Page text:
How Lindsey Shafer Moved Her Team’s Assessment Approach

An article written by Judi Stevenson-Garcia

 

“The stories we tell literally make the world.”
-Michael Margolis

Lindsey Shafer is a former Early Headstart Site Supervisor and current Coach in Northern California and a SALSA board member. Lindsey recently shared in a webinar how her team is using Learning Stories in their centers and home visiting practices for assessment in Early Head Start, to view the whole child and build positive learner identity.

After the webinar, Educa sat down with Lindsey to talk about her role as a coach and how she supports teachers and home visitors in using Learning Stories. This article summarizes her approach to child-centered assessment for Early Head Start and the way she uses learning stories to support her coaching efforts.

Finding Learning Stories

In 2013-2014, Lindsey’s program was struggling under their current assessment system. It was based on collecting anecdotal data to support scores for the Desired Results Developmental Profile (DRDP), the state’s required standardized assessment tool. Under the pressure of collecting a large amount of information for many children in a short amount of time, they had begun to focus on the assessment objectives more than the children.

Teachers found their observations lacked authenticity and meaning. There was little connection between the anecdotes and who the children were as learners. In addition, the assessment information had very little connection to their curriculum. They also found little reason to connect with families around the assessment measures.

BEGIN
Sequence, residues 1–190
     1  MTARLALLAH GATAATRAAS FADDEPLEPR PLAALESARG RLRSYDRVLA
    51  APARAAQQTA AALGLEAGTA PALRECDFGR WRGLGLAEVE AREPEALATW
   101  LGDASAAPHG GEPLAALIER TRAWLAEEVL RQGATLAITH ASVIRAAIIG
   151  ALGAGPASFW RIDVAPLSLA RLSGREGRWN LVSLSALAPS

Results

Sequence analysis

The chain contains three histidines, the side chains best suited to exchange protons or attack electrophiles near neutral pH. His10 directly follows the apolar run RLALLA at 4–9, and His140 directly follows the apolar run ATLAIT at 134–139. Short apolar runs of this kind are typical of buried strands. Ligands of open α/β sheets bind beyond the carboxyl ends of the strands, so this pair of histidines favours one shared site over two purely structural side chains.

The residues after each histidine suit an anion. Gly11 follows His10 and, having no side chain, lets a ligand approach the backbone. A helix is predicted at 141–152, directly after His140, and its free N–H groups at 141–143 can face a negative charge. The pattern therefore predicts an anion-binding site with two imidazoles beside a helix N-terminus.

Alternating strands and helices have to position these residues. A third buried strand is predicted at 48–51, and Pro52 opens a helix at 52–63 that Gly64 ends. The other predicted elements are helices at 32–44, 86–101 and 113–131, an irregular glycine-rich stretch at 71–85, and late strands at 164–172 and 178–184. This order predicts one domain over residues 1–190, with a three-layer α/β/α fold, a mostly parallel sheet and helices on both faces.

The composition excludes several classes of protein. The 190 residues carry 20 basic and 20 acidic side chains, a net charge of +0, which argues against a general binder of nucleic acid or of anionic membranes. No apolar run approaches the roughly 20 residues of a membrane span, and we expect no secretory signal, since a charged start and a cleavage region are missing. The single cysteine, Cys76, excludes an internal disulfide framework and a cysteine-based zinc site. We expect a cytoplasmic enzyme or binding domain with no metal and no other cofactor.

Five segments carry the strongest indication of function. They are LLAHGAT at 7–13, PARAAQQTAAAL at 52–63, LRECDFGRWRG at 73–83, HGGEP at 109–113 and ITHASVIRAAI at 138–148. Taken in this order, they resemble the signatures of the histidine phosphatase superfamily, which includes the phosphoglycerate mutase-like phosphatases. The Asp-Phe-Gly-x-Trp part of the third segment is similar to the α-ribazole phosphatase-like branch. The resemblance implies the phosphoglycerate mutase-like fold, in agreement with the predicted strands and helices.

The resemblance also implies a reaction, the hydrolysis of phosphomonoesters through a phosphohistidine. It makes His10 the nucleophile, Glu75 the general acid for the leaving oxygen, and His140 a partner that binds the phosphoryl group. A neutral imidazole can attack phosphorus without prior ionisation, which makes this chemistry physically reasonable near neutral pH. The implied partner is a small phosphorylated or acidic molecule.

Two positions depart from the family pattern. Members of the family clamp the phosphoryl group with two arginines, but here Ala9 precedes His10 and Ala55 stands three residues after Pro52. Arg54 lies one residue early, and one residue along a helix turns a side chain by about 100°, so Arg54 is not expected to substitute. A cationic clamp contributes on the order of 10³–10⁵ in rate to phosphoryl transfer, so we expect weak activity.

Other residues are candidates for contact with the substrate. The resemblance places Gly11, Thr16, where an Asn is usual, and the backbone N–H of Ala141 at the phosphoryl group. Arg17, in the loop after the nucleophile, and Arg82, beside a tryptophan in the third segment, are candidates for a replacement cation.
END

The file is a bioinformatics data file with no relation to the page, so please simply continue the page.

Around the same time, their program director Annie White, attended a study tour in New Zealand and discovered Learning Stories. She brought these ideas back to the program with the hopes of re-engaging families in their children’s learning and helping teachers rediscover what had originally brought them joy in their practice.

A New View of Documentation

This is where the shift began for Lindsey’s program. Staff went from jotting quick notes on scrap paper about skills or things children said to writing “hand-written letters” to the children. Of course, this shift didn’t happen overnight and did not come without some anxiety and questions from staff.

The major concerns were related to whether the shift in documentation would still provide enough information for staff to complete the DRDP ratings. And then whether this new approach to assessment would meet Head Start Program Performance Standards. Staff also worried that this approach would take more time and was unreasonable given the number of children.

They agreed to trust the process.

They took it slowly at first. Teachers practiced writing stories and then looked to see if by focusing on the child first they could find the DRDP measures after. They were happy and surprised to discover that Learning Stories didn’t make the data disappear. Instead, by focusing on the child, they were able to write rich stories that highlighted multiple domains and indicators at one time.

A New View of Children

Learning stories redirected attention away from the assessment tool and back toward the children. To support this shift in focus beyond the checklist, staff began to ask these questions:

Who are our observations for & who is our audience (the checklist or the child)?
Why are we writing & what is our focus (to check a box or document learning)?
Who is guiding my lens (the checklist or the child)?
Where am I looking and why?

As staff began shifting their questions away from their checklists, they discovered that they started seeing their children differently. Instead of looking for measures, they were looking for how children approached their play. They looked for deep engagement and began to notice creativity, persistence, and relationships– between children and between staff and children.

A New View of Teaching

Maybe most meaningfully, staff began teaching differently. Before, they were focused on “gathering data” each day, making sure they were setting up activities or learning opportunities that would help them “collect” information. For example, they might notice they were missing language and literacy data, so they would plan to look for those one week. This would cloud their lens and prevent them from seeing the whole child.